The issue of education has been featured prominently in the campaign for mayor, and each of the candidates have their own individual stances. NY1's Zack Fink filed the following report.
Perhaps the best known education plan of all the mayoral candidates is the one put forth by Democrat Bill de Blasio.
The plan calls for universal pre-kindergarten to be paid for by an increase in the income tax on the wealthiest New Yorkers.
"These core investments are necessary if we're going to turn our school system around and be more fair to parents who are struggling to find pre-k and after-school options," de Blasio said.
Critics say the plan, which must be approved by Albany, has virtually no chance of passing, at least next year, where the governor and the legislature are up for re-election.
William Thompson is the candidate with the endorsement of the teachers' union, but it was just this week that he called for a bold plan, only it involved higher education.
"Tuition has skyrocketed over the years," he said Thursday. "That's why today, I'm announcing a plan to provide all New York City students with a "B" average or better with their first year of college free at any city university institution."
Critics of this plan say it will be funded by the sale of taxi medallions, which is a non-recurring revenue.
Christine Quinn has emphasized that she plans to keep more money within the system, with less outside contracting for services. She is now also calling for universal pre-k, although that hasn't been her central message on this issue.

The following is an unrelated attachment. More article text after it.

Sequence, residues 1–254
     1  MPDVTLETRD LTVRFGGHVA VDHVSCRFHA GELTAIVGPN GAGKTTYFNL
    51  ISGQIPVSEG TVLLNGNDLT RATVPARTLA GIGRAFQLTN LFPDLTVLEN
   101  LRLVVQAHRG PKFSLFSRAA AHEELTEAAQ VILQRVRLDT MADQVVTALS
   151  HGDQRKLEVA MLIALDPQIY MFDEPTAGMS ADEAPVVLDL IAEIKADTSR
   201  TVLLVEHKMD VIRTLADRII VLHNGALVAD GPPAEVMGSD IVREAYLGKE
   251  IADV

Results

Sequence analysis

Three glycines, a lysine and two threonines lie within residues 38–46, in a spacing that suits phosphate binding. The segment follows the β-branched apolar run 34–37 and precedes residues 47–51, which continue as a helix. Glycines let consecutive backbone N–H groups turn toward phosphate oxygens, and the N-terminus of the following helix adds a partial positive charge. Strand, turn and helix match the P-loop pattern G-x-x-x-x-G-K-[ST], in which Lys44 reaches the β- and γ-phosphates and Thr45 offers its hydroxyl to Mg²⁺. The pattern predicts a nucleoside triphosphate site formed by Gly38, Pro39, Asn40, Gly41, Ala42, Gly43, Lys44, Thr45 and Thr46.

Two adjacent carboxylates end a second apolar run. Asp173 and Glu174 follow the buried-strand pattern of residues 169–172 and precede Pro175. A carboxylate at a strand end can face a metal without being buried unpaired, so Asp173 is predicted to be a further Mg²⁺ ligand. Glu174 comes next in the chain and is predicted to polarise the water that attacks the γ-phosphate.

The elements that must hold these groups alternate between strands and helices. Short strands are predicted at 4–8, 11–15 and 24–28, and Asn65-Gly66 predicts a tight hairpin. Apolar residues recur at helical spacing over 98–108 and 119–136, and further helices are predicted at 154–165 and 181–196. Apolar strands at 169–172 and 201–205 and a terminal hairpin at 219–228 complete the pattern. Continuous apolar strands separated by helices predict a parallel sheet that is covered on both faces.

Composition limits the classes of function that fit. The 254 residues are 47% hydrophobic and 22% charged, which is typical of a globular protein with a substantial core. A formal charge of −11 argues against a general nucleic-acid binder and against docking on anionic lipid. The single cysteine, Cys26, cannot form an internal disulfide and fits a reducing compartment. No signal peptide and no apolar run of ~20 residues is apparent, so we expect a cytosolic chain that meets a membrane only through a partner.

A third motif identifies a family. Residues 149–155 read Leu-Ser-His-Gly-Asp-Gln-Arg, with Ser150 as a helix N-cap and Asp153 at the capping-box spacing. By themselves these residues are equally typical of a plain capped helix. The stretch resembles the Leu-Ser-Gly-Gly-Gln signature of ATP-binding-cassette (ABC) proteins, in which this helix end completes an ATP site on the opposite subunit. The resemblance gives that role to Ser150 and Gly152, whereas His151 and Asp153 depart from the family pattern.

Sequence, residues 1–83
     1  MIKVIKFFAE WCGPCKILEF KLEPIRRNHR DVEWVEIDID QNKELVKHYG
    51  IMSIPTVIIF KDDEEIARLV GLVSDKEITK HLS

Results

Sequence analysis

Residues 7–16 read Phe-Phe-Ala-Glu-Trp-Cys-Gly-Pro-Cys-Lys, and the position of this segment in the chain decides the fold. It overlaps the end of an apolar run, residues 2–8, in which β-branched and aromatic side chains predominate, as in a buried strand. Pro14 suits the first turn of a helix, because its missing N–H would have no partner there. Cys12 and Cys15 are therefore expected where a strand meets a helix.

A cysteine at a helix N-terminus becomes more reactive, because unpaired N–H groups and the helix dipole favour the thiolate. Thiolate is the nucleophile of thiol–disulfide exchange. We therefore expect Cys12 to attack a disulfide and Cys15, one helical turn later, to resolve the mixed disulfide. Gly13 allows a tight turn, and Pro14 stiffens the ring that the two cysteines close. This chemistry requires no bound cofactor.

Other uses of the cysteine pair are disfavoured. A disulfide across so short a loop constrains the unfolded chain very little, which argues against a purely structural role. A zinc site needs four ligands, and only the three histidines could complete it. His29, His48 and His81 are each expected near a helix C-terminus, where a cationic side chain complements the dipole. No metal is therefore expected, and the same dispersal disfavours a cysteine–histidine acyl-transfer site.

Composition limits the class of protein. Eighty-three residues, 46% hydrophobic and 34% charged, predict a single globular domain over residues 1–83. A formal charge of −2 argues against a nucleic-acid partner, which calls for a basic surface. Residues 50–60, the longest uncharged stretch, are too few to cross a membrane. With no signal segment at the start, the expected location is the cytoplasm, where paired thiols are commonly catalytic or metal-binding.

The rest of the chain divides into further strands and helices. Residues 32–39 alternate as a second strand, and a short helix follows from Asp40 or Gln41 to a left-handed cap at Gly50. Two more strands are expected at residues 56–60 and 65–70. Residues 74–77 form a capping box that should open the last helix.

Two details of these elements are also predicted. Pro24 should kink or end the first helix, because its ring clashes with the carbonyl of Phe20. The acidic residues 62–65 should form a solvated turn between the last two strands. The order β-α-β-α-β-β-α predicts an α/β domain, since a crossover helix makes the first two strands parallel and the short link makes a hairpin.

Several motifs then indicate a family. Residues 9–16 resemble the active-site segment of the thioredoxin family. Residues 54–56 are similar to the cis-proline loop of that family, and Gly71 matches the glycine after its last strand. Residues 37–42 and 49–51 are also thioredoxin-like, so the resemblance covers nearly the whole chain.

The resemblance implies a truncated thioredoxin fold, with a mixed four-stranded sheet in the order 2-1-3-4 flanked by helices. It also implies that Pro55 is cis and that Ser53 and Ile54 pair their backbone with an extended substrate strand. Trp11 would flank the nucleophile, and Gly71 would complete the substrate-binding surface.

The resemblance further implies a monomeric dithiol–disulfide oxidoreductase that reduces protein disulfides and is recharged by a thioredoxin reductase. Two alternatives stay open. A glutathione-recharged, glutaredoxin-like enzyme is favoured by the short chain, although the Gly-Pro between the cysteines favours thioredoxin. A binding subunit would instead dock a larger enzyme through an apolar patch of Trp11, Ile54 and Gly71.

"When I'm mayor, we're going to make sure every 4-year-old whose parents want them to has full day pre-kindergarten," she said. "And I believe we can find, I know we can find those resources within the Department of Education."
In the Republican race, candidate Joseph Lhota supports school choice and an expansion of charter schools. His opponent, John Catsimatidis, wants schools to focus more career and technical education.
According to the state Department of Education, 57 percent of teachers are unsatisfied with the job of current Schools Chancellor Dennis Walcott. However, the same survey found that 72 percent of parents approve of the job he's doing, a signal that perhaps people are not asking for the new mayor to do anything radical on the issue.